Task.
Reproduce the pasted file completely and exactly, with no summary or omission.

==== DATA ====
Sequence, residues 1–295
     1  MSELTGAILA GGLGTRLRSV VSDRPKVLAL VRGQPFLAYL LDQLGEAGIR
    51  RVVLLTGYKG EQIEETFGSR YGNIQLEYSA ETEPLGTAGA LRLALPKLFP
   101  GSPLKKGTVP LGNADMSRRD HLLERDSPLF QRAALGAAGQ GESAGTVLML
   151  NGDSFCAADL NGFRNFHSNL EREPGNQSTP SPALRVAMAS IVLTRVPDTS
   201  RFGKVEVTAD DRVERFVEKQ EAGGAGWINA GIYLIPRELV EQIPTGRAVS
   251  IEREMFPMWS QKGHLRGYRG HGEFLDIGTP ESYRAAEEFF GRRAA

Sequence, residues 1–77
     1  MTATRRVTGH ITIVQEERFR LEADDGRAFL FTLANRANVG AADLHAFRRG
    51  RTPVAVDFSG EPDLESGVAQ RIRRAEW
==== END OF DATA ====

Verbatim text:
Sequence, residues 1–295
     1  MSELTGAILA GGLGTRLRSV VSDRPKVLAL VRGQPFLAYL LDQLGEAGIR
    51  RVVLLTGYKG EQIEETFGSR YGNIQLEYSA ETEPLGTAGA LRLALPKLFP
   101  GSPLKKGTVP LGNADMSRRD HLLERDSPLF QRAALGAAGQ GESAGTVLML
   151  NGDSFCAADL NGFRNFHSNL EREPGNQSTP SPALRVAMAS IVLTRVPDTS
   201  RFGKVEVTAD DRVERFVEKQ EAGGAGWINA GIYLIPRELV EQIPTGRAVS
   251  IEREMFPMWS QKGHLRGYRG HGEFLDIGTP ESYRAAEEFF GRRAA

Sequence, residues 1–77
     1  MTATRRVTGH ITIVQEERFR LEADDGRAFL FTLANRANVG AADLHAFRRG
    51  RTPVAVDFSG EPDLESGVAQ RIRRAEW